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1899 - Martin & Richard Wood buy J.H. Tolfree's Saugus Eating House, rename it Saugus Cafe [story]


Commentary by David Sayen
| Monday, Feb 16, 2015

davidsayen091114Most people I know are looking forward to signing up for Medicare just as soon as they can.

When you’re first eligible for Medicare, you have a seven-month Initial Enrollment Period to sign up for Medicare’s Part A and/or Part B benefits and services. Part A covers hospitalization and Part B covers doctor visits, outpatient care, and other medical goods and services.

Many people become eligible on their 65th birthday. Those folks can sign up during the seven-month period that begins three months before the month they turn 65, includes the month they turn 65, and ends three months after the month they turn 65.

But what happens if you miss that window?

If you didn’t sign up for Part A and/or Part B (for which you must pay premiums) when you were first eligible, and you aren’t eligible for a Special Enrollment Period (more on that below), you can sign up during the General Enrollment Period between Jan. 1 and March 31 each year.

Your coverage will start July 1. However, you may have to pay a higher premium for late enrollment in Part A and/or Part B.

How do you actually enroll? You can call Social Security (1-800-772-1213) or visit a local Social Security office. Or you can apply online at www.ssa.gov.

After your Initial Enrollment Period ends, you may have the chance to sign up for Medicare during a Special Enrollment Period.

If you’re covered under a group health plan based on current employment, you have a Special Enrollment Period to sign up for Part A and/or Part B any time as long as you or your spouse (or family member if you’re disabled) are working, and you’re covered by a group health plan through the employer or union based on that work.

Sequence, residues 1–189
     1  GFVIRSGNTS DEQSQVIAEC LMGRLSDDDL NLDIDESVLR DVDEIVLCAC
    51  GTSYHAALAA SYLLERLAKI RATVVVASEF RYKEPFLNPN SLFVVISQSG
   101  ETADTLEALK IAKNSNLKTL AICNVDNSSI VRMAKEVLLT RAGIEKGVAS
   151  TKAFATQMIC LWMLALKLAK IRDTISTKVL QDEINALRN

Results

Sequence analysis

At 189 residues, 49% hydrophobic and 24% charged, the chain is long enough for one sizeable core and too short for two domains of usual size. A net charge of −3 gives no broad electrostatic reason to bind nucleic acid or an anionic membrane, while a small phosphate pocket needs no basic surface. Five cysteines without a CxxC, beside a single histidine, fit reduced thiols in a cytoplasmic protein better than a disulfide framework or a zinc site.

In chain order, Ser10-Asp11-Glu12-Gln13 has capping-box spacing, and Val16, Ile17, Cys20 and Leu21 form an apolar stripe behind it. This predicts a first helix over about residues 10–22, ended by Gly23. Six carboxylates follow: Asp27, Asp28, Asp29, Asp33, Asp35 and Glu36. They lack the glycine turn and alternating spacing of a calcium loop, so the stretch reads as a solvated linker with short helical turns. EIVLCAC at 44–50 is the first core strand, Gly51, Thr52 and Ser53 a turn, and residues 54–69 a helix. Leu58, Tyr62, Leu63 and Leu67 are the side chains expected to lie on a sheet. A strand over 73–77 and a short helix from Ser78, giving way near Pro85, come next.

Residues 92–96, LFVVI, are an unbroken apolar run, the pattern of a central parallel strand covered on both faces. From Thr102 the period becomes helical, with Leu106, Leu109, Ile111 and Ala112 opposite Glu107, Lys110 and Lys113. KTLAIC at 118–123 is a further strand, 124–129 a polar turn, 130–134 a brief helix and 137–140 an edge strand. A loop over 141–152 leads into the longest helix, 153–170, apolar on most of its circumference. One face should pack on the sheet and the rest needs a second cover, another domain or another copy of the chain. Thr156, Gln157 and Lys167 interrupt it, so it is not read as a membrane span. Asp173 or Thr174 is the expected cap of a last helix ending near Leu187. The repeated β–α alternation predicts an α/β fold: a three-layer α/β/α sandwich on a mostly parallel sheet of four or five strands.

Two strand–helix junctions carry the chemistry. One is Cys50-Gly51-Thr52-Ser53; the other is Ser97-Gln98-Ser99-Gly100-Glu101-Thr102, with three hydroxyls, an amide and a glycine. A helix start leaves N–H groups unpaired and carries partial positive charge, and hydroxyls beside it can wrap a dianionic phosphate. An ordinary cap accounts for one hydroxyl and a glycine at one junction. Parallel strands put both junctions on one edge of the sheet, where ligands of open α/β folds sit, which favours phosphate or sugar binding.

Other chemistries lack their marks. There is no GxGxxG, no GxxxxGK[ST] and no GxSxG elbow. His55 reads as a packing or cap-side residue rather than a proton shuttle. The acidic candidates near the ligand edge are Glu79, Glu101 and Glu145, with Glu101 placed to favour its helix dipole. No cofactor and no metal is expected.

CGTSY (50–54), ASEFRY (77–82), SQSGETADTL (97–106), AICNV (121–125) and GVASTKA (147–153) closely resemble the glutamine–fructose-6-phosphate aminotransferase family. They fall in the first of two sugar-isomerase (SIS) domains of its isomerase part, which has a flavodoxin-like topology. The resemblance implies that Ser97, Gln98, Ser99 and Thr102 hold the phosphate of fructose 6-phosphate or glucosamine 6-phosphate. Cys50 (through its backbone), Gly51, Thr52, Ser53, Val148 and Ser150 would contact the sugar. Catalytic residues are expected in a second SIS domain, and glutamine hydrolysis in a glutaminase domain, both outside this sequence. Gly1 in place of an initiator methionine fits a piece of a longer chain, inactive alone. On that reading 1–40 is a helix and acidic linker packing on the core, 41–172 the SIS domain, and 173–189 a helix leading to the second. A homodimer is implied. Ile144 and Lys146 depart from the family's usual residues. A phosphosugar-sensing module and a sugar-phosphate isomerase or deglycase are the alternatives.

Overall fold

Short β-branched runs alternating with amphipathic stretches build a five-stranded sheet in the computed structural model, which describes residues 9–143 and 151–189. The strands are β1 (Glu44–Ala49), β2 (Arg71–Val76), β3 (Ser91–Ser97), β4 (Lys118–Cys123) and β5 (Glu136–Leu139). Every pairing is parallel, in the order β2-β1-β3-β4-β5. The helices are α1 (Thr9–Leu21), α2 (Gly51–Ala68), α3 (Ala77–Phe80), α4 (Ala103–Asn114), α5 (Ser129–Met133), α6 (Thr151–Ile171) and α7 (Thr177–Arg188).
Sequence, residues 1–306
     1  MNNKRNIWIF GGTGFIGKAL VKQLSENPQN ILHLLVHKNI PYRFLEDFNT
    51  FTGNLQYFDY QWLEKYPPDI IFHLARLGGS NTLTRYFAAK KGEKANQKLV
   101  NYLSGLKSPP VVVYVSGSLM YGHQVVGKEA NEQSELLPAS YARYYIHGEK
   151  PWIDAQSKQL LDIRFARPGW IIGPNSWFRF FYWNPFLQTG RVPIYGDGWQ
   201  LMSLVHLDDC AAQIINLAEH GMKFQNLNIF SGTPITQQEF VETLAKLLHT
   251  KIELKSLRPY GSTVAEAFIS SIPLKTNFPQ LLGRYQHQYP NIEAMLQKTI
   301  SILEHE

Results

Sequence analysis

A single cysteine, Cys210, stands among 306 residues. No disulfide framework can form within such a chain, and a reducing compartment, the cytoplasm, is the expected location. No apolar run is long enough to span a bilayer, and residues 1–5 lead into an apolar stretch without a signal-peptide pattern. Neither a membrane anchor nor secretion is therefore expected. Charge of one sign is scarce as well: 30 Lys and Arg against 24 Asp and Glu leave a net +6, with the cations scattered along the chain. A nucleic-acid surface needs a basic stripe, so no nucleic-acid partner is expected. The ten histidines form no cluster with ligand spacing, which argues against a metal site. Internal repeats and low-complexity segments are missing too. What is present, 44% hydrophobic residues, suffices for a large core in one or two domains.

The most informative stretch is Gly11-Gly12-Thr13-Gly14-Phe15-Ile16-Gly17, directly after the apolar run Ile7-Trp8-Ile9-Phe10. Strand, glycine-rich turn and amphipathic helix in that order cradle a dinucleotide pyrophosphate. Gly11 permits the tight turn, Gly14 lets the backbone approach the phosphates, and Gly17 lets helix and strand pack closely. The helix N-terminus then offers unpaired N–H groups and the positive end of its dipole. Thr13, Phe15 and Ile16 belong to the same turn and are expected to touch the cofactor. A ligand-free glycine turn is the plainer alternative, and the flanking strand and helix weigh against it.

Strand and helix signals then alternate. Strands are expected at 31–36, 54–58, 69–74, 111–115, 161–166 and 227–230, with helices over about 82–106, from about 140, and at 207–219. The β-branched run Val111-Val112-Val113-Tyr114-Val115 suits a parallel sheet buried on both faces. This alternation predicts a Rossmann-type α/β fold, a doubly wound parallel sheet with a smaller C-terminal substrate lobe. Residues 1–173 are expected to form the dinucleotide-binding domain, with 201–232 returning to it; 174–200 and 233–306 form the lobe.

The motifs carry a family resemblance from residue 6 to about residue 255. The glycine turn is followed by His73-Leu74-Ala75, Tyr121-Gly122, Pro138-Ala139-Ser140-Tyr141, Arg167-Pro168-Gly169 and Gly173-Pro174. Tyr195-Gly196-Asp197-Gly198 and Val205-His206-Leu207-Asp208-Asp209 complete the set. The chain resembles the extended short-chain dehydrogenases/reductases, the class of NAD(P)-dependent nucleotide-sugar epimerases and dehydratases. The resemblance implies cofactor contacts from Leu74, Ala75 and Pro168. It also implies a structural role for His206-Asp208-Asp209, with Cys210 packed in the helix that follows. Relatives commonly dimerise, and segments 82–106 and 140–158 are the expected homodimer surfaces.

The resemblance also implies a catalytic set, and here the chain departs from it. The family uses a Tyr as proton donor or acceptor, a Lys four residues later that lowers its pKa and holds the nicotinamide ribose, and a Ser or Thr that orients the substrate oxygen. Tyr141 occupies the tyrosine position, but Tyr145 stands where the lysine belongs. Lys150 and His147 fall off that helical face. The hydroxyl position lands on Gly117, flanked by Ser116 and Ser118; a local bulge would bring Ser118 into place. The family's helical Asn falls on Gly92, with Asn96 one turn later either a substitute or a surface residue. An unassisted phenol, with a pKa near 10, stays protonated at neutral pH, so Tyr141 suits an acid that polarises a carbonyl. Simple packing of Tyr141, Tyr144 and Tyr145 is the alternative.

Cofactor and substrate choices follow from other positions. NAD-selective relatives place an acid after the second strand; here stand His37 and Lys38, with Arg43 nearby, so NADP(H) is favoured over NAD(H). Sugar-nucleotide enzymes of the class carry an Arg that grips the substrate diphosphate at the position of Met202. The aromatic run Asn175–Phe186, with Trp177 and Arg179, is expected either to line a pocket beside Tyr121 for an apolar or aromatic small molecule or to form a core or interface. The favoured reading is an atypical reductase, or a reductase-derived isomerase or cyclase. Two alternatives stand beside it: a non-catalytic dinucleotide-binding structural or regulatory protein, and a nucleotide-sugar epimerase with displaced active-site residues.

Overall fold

You also have an eight-month Special Enrollment Period to sign up for Part A and/or Part B that starts the month after the employment ends or the group health insurance based on current employment ends, whichever happens first. Usually, you don’t pay a late enrollment penalty if you sign up during a Special Enrollment Period.

Important Note: COBRA and retiree health plans aren’t considered coverage based on current employment. You’re not eligible for a Special Enrollment Period when such coverage ends. This Special Enrollment Period also doesn’t apply to people with End-Stage Renal Disease (ESRD).

You may also qualify for a Special Enrollment Period for Part A and Part B if you’re a volunteer, serving in a foreign country.

Some people get automatically enrolled in Medicare. Among them are people with certain disabilities and those who are already getting benefits from Social Security or the Railroad Retirement Board.

If you’re automatically enrolled, you’ll get your red, white, and blue Medicare card in the mail three months before your 65th birthday or your 25th month of disability.

Also, Social Security is now processing some Medicare enrollments for same-sex spouses, including:

* Enrollments for premium-free Part A for uninsured spouses age 65 or older based on the work history of a current or former spouse;

* Enrollments for people with End Stage Renal Disease based on the work history of a current or former spouse;

* Reductions in Part A premiums based on the work history of a current or former spouse;

* Requests for Special Enrollment Periods based on group health plan coverage from current employment of a same-sex spouse;

* Reductions in late-enrollment penalties based on group health plan coverage from current employment of a same-sex spouse.

 

David Sayen is Medicare’s regional administrator for Arizona, California, Hawaii, Nevada, and the Pacific Territories. You can get answers to your Medicare questions 24/7 by calling 1-800-MEDICARE (1-800-633-4227).

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